So where did the word come from? According to those in the know, the word was first coined by Patrick Barber and is used as a moniker for his Flickr group - photos of fashionably dressed cyclists doing their thing in cities the world over. Patrick also has a blog by the same name. The blog is essentially a distillation of photos from the Flickr group (a 'best of', so to speak). Patrick defines vélocouture thusly: "Vélocouture is the practice of bicycling in stylish, everyday clothes."

I tend to use vélocouture as a synonym for 'urban cycle chic' (which I can assure you does not include spandex), but Righteous (re)Style puts it this way: "Looking good while saving the world." Now what could possibly be wrong with that?

Reclaimed Wool Cycling Cap

I thought I had my hat fetish under control, but then I ran into this over at Etsy. The kicker is that all of the materials used to make it are recycled -- they come from thrifted textiles. The outer fabric comes from a scarf that was liberated from a San Francisco thrift store, and the lining from a grunge-era cast-off flannel shirt rescued from another locale.

Westarland made these by hand, but only charges 28 bucks plus shipping. Either he has a sweat shop in his garage or he plays for love of the game. Either way you win. The added bonus is that there is absolutely no chance anyone else will show up wearing the same hat on your weekend club ride, and a less than zero chance of being out-styled from the neck up.

Usually I don't like to venture too far O/T, but I have to include this from Westarland's bio on Etsy because of how cool it is:
I make new items from vintage materials: bicycle hats, bags and jewellery are my current stock products. A great deal of my fabrics are 60's and 70's stock from Sweden, and hark from the famous textile company Boras Cotton. My wools are from vintage suits for men and women thrifted locally.
Praise the God of textiles -- Jesus has returned and he's making wool cycling caps out of his garage.

Bike Polo Mallets

Bike polo is the sport of gentleman cyclists the world over, but where does one go to find the accoutrements for said athletic endeavour? Traditionally l'équipement pour polo de vélo had to materialize by your own hand. Now I have the greatest respect for the DIY ethic, but I prefer to watch it from afar. Wrestling with saws, PVC pipe, and glue isn't how I like to spend my afternoons.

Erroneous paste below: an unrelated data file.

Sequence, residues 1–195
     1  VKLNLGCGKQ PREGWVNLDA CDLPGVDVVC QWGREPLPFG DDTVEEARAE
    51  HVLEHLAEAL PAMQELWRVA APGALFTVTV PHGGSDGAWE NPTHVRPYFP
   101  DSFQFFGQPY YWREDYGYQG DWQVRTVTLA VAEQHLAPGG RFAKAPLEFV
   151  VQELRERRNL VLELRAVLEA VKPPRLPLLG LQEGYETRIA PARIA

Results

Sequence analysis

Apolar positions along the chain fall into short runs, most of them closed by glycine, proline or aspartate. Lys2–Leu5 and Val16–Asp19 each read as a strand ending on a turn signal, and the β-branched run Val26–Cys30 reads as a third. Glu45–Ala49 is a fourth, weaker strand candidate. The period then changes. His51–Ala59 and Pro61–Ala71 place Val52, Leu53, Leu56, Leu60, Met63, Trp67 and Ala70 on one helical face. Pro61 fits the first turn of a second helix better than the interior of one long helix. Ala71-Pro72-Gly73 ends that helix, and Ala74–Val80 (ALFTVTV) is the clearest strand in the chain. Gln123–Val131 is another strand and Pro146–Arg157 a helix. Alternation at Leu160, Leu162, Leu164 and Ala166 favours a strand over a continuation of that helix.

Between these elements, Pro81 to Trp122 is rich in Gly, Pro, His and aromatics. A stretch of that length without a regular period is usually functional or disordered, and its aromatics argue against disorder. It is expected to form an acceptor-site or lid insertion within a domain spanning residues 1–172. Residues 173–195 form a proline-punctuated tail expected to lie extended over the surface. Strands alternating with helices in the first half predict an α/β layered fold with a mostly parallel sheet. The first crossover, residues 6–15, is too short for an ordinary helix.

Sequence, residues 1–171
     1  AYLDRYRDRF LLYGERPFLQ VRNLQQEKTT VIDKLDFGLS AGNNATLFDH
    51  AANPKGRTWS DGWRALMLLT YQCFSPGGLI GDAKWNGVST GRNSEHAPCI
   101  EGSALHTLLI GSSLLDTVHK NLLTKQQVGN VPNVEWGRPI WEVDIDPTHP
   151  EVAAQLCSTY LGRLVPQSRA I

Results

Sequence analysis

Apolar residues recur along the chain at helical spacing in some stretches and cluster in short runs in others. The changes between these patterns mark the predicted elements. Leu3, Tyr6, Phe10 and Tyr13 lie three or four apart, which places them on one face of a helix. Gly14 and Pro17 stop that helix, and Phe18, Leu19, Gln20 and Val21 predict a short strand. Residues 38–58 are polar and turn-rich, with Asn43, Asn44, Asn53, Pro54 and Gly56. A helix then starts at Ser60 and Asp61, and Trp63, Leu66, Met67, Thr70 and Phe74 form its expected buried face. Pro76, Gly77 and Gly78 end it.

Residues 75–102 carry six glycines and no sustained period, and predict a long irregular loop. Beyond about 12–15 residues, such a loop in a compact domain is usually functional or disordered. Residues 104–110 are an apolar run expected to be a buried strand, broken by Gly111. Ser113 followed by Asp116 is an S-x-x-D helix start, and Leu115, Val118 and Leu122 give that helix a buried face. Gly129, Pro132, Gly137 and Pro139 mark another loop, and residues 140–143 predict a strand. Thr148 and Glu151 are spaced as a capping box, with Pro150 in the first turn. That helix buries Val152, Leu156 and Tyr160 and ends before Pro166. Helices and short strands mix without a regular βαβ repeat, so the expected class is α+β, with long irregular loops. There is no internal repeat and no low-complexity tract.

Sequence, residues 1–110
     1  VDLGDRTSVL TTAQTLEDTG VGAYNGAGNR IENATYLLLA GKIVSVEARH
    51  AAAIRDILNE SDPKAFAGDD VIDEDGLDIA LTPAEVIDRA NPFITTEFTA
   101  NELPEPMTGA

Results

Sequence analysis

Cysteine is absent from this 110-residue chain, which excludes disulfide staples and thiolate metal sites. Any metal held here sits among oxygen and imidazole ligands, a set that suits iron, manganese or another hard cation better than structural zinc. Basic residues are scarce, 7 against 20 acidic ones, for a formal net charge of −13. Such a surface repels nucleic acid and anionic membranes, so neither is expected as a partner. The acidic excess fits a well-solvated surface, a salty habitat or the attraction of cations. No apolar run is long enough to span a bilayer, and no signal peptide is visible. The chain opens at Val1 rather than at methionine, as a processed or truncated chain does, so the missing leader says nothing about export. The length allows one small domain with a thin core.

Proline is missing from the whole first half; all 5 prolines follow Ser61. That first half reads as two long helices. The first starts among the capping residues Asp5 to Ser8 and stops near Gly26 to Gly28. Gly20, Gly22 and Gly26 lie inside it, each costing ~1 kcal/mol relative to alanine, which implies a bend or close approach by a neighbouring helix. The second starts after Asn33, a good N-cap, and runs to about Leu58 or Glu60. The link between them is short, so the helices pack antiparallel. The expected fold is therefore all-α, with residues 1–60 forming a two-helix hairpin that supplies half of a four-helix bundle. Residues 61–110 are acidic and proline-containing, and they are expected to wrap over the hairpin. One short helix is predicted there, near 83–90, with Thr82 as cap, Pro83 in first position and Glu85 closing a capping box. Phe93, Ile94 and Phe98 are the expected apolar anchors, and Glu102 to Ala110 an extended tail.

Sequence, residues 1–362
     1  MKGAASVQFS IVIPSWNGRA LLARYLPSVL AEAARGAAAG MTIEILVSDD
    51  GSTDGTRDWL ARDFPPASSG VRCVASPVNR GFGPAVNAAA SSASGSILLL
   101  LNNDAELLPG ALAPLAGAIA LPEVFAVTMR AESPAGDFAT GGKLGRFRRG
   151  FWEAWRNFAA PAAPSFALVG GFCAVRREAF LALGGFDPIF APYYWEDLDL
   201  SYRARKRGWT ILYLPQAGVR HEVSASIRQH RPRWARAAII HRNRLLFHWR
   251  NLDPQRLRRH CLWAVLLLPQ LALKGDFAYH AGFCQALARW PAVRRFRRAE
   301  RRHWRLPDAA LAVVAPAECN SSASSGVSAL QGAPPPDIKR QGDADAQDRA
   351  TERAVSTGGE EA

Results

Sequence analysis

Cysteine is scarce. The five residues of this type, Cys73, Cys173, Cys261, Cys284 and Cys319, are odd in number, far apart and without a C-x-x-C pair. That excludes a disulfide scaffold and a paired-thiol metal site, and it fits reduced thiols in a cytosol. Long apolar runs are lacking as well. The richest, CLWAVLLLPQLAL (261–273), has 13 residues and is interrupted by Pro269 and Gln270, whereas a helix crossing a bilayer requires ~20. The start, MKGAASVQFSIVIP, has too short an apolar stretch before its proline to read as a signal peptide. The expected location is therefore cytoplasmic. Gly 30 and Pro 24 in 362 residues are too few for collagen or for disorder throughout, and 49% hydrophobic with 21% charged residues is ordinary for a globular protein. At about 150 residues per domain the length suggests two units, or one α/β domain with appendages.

Now I assume you already have the bike, but lack the mallet. You can get the shaft (no pun intended) almost anywhere, as any old ski pole will do, but the head is the crux of the matter. Now if you want, you can do it yourself -- instructions can be found here, here, and here. Or you can take the lazy man's way out (my exit strategy of choice) and order one from the gang at St. Cago Polo Works.

[St. Cago Polo Works via Urban Velo]

Hugga Swag

Brothers from another mother and fellow Seattle-ites from Bike Hugger have stitched together some custom embroidered manpris pants (knickers) and a woolen hat for your sartorial satisfaction.

The knicks are part of George Hincapie's Commute Collection and are custom embroidered with the Bike Hugger logo. Knickers are perfect for those of us committed to losing the spandex -- plus it's the winning ticket for avant, après, and au cours de cyclisme. "Four-way gusseted cargo crotch" and other such details are on the site. $129.99 and you're walking out of the store in style.

Cap your lid with an Hugga-influenced Ibex hat before rolling on your ride and laugh aloud at the cool, autumnal air. Like all good cycling apparel, the hat is 100% merino wool. There is an embroidered logo, but it's subtle -- these dome toppers are minimalist chic. Sport one on top of your noggin to keep the bats from leaving the belfry. Dapper Dan says, "doff one at the ladies and soon you'll be riding tandem." $32.00 for refined, top-story grace.

All of this and cycle bliss can be found at Bike Hugger.

Tuesday, December 1, 2009

Death by Irony

Times Online reported on a report by London transport bureaucrats that suggested women cyclists 'risk death' by obeying the traffic lights. The reason? Apparently they are stuck in the driver's blind spot and tend to get taken out by lorries. This is their punishment for obeying the rules of the road, I guess. Apparently men are more likely to blow the light and live to see another day.

Personally I think a philosophy of flexibility is what's needed here. Adhering to the rules in a general sense is good, as it leads to predictability and the grudging respect of motorists. But at the end of the day the only laws I adhere to are those of self-preservation and efficiency.

Robert Hurst puts it very well in his book The Art of Cycling:
Don't simply watch traffic, but watch it very closely, and try to figure out what it means. Ride constantly, and consciously try to learn from the thousands of little interactions you will have on each ride. Try to crack the code. The city moves according to laws that are more powerful and interesting than the traffic ordinances.
Eloquent and spot-on.

[source: Time's Online]

Quka Keirin Cap

If you wish to cultivate the sporty look (we try not to judge) then at least you should attempt to do so without paying for the privilege of being a spokesperson for some corporate entity.

Quka makes limited edition Keirin caps that exude minimalist style. They tend to sell out quickly, so if you covet one you better be coiled to spring. It'll set you back about €15. When and if they get to number 13, I'm in.

Dapper Dan says, "c'est cool."

(Quka Cycling Caps)